Although Kemal Can Ocak DipWSET studied engineering, he was driven to follow his passion for wine. After achieving the WSET Diploma in 2019, Kemal won the AWMB Wine Marketing Award. He frequently serves as a judge at international wine competitions, but his biggest interest is wine photography – Kemal is the founder and owner of the Instagram account “Wine is an art” with more than 100,000 followers from around the world.
Firstly, would you tell us a little about yourself?
I am living in Ankara, Turkey. I spent my early years on the Mediterranean coast where I had an abundance of good quality food and friends. After years of working in engineering, I found out that wine and photography are the two main interests that motivate me in life. My social media channel Wineisanart is a great way to combine my two interests.
Although I haven't thought to monetise my photos, I have been often asked. I do not turn down those requests from people for a larger resolution of my wine photos so they can print them to hang on their walls. It is a feeling beyond money to know that my photos are hanging in the homes of some wine lovers from around the world.
Which came first, your interest in wine or your interest in photography?
This is a very difficult question. My interest in photography and wine grew together. I think they are feeding each other! In 2015, I started to travel more often to different wine regions, which, along with taking WSET courses, furthered my passion for wine. Of course, I wasn't taking wine photos back then. It was while visiting a natural wine producer in Turkey, I was impressed by the magical view of Mount Hasan on my way. Instantly, I came up with an idea to photograph it and add a glass of wine to the landscape. It got a lot of appreciation on Instagram. This is actually how my “Wineisanart” photography series was born.
What was the most challenging photo you ever took, and why?
Crowded places, moving floors, wind all create very difficult conditions. As you can imagine, wine glasses are easily broken, usually, I try to travel with at least two glasses. I remember that a photo I tried to take with the glass in waves in the sea was the hardest. I wanted to make the wine glass seem as if it was floating in the sea. I don't remember how many glasses I broke during the trial shots!
Another difficult photo was the one I took at Maiden’s Castle in Istanbul. Usually, I wake up really early to take pictures to avoid the crowds. This time, to shoot a sunset, I had to take the photograph in a crowd of people. There were dozens of people watching me with curious eyes. It was like a movie set. On the bright side, I was followed by 100 new people during the photo session who asked about my Instagram account.
You have now attracted over 100K Instagram followers. What tips would you give to others wishing to build their own social media profiles?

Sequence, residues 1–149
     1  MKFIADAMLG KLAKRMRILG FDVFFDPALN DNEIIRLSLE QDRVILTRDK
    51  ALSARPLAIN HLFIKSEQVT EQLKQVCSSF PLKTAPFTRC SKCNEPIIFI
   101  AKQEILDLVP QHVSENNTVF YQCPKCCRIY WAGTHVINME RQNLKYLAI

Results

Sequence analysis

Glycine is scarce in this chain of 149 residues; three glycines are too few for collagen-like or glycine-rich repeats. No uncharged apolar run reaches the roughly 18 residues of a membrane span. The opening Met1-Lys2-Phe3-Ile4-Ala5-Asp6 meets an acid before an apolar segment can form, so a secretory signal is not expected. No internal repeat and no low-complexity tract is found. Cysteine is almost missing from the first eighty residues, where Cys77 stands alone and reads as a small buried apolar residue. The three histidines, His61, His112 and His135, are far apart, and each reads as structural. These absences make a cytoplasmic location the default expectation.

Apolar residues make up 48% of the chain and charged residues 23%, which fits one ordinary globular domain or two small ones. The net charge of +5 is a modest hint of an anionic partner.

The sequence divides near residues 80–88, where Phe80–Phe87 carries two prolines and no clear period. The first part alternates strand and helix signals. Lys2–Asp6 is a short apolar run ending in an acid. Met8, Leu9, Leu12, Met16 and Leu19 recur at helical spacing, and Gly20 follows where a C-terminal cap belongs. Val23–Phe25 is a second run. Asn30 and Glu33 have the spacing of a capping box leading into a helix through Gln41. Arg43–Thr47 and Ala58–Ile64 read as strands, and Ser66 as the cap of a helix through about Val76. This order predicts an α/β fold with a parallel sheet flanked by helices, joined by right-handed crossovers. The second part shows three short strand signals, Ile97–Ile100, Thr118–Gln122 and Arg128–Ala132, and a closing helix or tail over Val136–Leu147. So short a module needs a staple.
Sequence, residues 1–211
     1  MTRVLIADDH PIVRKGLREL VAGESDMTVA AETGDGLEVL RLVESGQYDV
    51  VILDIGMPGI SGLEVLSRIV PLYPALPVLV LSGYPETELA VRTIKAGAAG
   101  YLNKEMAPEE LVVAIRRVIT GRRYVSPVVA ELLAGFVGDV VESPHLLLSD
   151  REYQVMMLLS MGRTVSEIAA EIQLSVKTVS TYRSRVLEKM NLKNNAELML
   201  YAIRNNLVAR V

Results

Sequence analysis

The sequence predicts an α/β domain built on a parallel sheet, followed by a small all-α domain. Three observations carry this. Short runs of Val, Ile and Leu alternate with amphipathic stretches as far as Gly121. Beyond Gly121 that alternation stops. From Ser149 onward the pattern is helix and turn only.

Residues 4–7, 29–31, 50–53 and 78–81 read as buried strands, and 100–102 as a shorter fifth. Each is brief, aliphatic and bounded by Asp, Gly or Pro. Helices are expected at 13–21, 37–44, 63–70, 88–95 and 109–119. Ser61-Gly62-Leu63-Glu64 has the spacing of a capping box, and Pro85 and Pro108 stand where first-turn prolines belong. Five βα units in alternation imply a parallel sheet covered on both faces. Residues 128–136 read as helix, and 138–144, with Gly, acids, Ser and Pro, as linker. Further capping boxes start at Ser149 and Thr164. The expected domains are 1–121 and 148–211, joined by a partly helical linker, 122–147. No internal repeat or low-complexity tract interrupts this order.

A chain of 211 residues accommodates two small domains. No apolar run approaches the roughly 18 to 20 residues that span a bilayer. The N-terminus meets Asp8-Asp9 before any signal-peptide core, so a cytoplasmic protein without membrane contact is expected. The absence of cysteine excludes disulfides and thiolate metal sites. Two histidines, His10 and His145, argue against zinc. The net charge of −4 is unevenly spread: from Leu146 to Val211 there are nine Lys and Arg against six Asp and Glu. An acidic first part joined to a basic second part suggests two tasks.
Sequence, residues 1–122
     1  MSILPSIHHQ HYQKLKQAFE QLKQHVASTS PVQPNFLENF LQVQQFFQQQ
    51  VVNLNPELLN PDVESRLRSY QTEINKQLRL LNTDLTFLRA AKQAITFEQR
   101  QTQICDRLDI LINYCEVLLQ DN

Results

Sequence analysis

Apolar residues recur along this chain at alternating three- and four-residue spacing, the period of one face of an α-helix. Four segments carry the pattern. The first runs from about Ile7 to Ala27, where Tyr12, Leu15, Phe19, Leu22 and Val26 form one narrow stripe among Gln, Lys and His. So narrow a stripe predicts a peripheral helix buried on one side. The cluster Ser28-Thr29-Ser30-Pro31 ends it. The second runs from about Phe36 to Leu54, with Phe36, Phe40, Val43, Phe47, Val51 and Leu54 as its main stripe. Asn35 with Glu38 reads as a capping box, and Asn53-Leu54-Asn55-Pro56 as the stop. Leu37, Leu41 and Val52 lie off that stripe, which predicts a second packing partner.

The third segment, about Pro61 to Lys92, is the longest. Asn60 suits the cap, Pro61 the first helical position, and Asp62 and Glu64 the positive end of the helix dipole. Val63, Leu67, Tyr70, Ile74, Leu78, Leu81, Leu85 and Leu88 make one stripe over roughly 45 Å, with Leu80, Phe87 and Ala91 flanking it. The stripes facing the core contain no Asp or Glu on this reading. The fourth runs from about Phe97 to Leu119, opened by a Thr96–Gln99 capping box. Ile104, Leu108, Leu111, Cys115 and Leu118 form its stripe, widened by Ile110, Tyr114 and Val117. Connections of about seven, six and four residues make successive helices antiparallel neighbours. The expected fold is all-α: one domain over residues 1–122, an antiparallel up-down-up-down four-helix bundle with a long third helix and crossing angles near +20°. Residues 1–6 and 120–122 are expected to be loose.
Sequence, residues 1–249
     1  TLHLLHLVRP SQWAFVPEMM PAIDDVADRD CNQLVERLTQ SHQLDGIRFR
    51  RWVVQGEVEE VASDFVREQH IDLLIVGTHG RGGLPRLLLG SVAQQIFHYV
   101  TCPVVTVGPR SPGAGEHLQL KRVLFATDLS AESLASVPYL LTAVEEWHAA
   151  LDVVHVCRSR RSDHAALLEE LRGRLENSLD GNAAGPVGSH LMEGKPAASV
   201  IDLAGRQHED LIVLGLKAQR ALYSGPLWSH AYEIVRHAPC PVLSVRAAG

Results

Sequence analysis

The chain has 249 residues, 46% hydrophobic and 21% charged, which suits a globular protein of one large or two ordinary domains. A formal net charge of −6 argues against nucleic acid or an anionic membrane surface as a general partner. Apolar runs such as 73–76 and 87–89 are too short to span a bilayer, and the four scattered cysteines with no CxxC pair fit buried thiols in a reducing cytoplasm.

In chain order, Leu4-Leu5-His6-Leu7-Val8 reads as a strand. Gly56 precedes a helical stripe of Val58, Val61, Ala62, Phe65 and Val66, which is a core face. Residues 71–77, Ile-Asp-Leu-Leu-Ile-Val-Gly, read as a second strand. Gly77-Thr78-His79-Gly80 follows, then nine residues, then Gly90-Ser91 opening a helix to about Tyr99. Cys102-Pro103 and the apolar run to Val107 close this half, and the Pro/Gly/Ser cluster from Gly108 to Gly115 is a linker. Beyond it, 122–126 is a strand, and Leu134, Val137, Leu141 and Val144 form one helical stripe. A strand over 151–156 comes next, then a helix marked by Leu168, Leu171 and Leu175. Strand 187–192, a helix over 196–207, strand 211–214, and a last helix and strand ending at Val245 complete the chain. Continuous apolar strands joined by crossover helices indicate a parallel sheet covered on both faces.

Honestly, I could not have imagined that I could reach these numbers. Since social media platforms have become a necessary way to communicate, you need to learn the dynamics of the social platform you are sharing on to compete with others. Even though the key to success on Instagram is the skilful use of words and photo together to tell an interesting story, that alone is not enough now. You need to think – What is the best time for engagement with your followers? Which #hastags are most popular and are most likely to see your post featured on users timelines?
Unlike in traditional marketing, in my experience of Instagram users, they do not want to see company branding too much. An effective way to catch attention and increase engagement is to show them what is happening behind the scenes rather than posts just about the brand and the products.
How has your WSET Level 4 Diploma in Wines shaped your career? And how have you used it to your advantage in your wine photography?
The WSET Level 4 Diploma is a great way to build a strong professional network and I have started to take advantage of it. It helps a lot, it is a very effective door opener. Since I became a WSET Diploma Alum, I have been asked to be a judge in many international wine competitions. Wineries have invited me to help blend their new vintages. The WSET Diploma has shaped my reputation as a wine professional. It provided me with the knowledge to keep up with the best of the wine world.
Reflecting the knowledge I have learned in the diploma programme in my photographs has also helped me to communicate with wine lovers. A good photographer is actually a good visual storyteller. To take a great wine photo, you need an eye of a photographer and palate of a wine professional. You need to understand the wine region you are in and the wine you are going to photograph. This helps you to reflect its evolution from vine to glass.
Which of your photos is your favourite, and why?
Originally, I had planned to take this photo at sunset (see below), but I broke my glasses in the trial shots. I had to drive 50km to the nearest glassware shop to find replacements! It meant I had to take this photo at sunrise instead of sunset the next day.
If you had the opportunity to photograph any wine region in the world where would you go and why?
Recently, I’ve been more interested in volcanic island wines. I would very much like to go to the island of Pico, located off the Atlantic coast of Portugal. I am sure that these volcanic vineyards, which were added to the Unesco World Heritage list in 2004, will present unique images for photographers who like wine. My other choice is Mendoza, Argentina. It would be great to photograph its high mountainous landscapes which gives its wines a distinctive character, with a glass of malbec.
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